New Releases: November 6

ChristmasCarolPoster1. A Christmas Carol (Disney, 3,683 Theaters, 96 Minutes, Rated PG): One has to ask, do we really need another A Christmas Carol adaptation? Even one done in that spooky motion capture animation that Robert Zemeckis has fallen in love with over the past few years?

The story, in case you don’t know, is about an old curmudgeon named Ebenezer Scrooge who doesn’t know the meaning of Christmas. He is visited by three ghosts who show him the error of his ways.

Jim Carrey is doing some heavy lifting in this one. He not only portrays Scrooge at all ages of his life, but he also plays the three ghosts. The rest of the cast, and there are a few roles left over, are filled with some very fine actors such as Gary Oldman, Colin Firth and Bob Hoskins.

Of course, great cast aside, you’d have to deal with that animation technique which, quite frankly, scares me. I’m not sure why it does, but it does.  Also, while I know department stores have had their Christmas decorations out for weeks now, isn’t it a wee bit too for a Christmas movie? Films have a shorter shelf life than wrapping paper.

BoxPoster2. The Box (Warner Brothers, 2,635 Theaters, 115 minutes, Rated PG-13): Yes, this is a concept that the producers hope will raise a lot of questions with the audience. It raises a lot of questions with me, but not the kind the producers will like.

A couple gets a box with what looks like one of those “Easy” buttons they sell at Staples. A mysterious stranger arrives and says that if they push the button, they’ll get $1 million. But, and here’s the catch, someone they don’t know somewhere in the world will die.

If this sounds like a cheesy Twilight Zone remake, it is. Not the classic Rod Serling version, but the less classic 1980s version. So you know what you’re getting.

What they want you to ask yourself is, “would I do it?” They want you to undergo the same sort of moral turmoil that the character’s in the film face.

My questions are, can this story get any more convoluted? Would you really believe a man who only has half a face who comes to your door from out of nowhere, no matter what he said? And what’s the deal with the taked on “your wife is going to die and you’re going to kill her” part?  That was not in the original story and doesn’t seem to be an addition that would improve this film.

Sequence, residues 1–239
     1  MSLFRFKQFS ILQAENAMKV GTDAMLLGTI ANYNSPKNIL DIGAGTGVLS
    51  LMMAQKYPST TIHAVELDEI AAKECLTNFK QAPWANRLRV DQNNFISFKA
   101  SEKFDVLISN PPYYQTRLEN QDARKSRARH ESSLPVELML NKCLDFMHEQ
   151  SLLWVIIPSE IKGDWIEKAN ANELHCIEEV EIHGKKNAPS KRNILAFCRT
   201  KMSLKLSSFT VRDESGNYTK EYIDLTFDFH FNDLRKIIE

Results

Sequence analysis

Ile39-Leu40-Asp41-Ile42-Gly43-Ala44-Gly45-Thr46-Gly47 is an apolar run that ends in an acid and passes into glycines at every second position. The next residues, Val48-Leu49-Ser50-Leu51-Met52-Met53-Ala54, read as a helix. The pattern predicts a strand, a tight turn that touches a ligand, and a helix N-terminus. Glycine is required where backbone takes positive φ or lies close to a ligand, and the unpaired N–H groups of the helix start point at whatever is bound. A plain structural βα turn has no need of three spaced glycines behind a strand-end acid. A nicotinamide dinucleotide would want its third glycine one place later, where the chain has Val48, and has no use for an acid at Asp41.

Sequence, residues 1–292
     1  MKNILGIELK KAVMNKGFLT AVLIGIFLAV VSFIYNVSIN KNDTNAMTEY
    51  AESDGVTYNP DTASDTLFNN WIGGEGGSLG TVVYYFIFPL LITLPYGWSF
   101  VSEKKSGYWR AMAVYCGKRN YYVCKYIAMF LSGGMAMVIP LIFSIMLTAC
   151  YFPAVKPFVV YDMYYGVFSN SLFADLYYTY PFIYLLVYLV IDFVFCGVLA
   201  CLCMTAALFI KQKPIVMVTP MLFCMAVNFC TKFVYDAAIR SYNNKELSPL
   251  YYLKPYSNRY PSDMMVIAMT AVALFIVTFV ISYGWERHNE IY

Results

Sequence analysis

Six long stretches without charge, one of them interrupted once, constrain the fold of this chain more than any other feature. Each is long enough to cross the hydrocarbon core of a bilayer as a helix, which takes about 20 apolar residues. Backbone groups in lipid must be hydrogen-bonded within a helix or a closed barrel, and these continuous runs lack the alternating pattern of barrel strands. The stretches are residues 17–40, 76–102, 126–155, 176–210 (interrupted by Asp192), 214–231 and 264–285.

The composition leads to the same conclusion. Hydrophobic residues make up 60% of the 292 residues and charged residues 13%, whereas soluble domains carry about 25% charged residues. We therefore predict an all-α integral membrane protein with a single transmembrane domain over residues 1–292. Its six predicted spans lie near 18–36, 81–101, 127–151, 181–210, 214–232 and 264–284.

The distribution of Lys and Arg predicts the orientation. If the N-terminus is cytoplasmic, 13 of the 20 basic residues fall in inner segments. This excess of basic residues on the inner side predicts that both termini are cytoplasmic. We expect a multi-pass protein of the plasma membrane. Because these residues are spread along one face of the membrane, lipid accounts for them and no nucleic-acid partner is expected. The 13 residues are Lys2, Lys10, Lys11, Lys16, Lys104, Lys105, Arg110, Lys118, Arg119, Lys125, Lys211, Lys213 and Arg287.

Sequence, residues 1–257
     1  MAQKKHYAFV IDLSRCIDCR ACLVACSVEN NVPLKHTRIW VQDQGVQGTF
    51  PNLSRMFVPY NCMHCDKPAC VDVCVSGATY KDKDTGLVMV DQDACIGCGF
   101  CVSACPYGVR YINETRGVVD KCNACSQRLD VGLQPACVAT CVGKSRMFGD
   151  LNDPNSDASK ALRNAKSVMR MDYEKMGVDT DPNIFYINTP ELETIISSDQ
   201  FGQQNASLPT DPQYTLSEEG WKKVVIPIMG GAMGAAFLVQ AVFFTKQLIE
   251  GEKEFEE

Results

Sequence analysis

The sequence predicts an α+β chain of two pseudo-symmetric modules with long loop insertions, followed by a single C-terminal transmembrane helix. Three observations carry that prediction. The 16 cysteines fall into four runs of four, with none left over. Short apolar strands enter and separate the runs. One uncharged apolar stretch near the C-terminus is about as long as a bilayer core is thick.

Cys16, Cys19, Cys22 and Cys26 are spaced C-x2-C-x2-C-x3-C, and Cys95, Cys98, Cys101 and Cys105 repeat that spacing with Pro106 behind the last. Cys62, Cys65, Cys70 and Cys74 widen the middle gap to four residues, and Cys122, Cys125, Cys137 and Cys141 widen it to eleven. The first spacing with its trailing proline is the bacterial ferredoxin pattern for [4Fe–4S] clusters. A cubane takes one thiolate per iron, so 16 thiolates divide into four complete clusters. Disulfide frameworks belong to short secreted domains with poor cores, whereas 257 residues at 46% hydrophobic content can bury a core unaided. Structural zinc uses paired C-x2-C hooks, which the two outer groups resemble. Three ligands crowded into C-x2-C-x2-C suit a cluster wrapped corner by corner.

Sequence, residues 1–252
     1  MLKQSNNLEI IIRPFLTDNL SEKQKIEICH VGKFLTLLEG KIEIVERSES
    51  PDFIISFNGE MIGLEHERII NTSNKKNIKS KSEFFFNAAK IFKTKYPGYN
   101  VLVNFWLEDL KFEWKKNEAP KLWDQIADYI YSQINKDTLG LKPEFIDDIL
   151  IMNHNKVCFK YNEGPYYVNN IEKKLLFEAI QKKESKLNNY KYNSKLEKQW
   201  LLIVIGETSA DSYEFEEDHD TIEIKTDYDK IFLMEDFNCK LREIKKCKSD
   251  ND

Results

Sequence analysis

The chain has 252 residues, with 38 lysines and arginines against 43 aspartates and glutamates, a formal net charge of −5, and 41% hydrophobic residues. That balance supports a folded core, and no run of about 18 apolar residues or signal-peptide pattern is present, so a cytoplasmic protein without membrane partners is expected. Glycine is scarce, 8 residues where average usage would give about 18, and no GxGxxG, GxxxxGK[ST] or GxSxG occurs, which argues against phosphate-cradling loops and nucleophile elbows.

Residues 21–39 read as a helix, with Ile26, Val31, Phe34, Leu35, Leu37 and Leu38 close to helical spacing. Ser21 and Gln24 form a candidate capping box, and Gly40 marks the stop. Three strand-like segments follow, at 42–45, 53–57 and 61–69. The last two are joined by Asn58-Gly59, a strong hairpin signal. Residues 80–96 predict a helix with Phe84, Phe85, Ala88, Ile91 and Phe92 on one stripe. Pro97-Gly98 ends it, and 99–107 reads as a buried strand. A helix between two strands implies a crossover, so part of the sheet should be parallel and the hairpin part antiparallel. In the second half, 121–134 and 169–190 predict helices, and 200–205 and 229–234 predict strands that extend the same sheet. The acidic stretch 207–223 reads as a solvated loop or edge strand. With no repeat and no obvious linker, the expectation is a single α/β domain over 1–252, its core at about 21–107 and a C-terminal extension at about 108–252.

FourthKindPoster3. The Fourth Kind (Universal, 2,529 Theaters, 98 Minutes, Rated PG-13): Finally! A sequel to the classic Close Encounters of the Third Kind! The one film to revitalize Richard Dreyfuss’ career!

This time the aliens are back and they’re pissed! Do Do Do Do Doooo yourself, losers! There…wait…this is not a sequel? It’s about alien abductions? In Alaska?

Oh. Well. Nevermind!

Is it just me, or do the ads for this movie seem very similar to the ads for Paranormal Activity? Now, the films are coming out too close together for this not to be a coincidence, but still. I wonder how many people who made Paranormal Activity a number one film will do the same for this one.


MenWhoStareAtGoatsPoster4. The Men Who Stare At Goats (Overture Films, 2,443 Theaters, 93 Minutes, Rated R): If I had to go see only on film this week, I’d pick this one. It looks great.

First off, the cast is terrific. The four actors in the poster to the right are some of my favorites of all time. To see George Clooney, Jeff Bridges, Kevin Spacey, and Ewan McGregor work together should be great. And there are a lot of great actors in the supporting cast too.

Also, the story seems too goofy to be believed. It deal with a top secret government project where soldiers with superpowers were trained to be weapons of mass destruction. Clooney plays on of these weapons, whose power seems to be being able to kill goats by staring at them. I don’t know much more than that, but that is far and away enough. 


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About William Gatevackes 1991 Articles
William is cursed with the shared love of comic books and of films. Luckily, this is a great time for him to be alive. His writing has been featured on Broken, and in Comics Foundry magazine.
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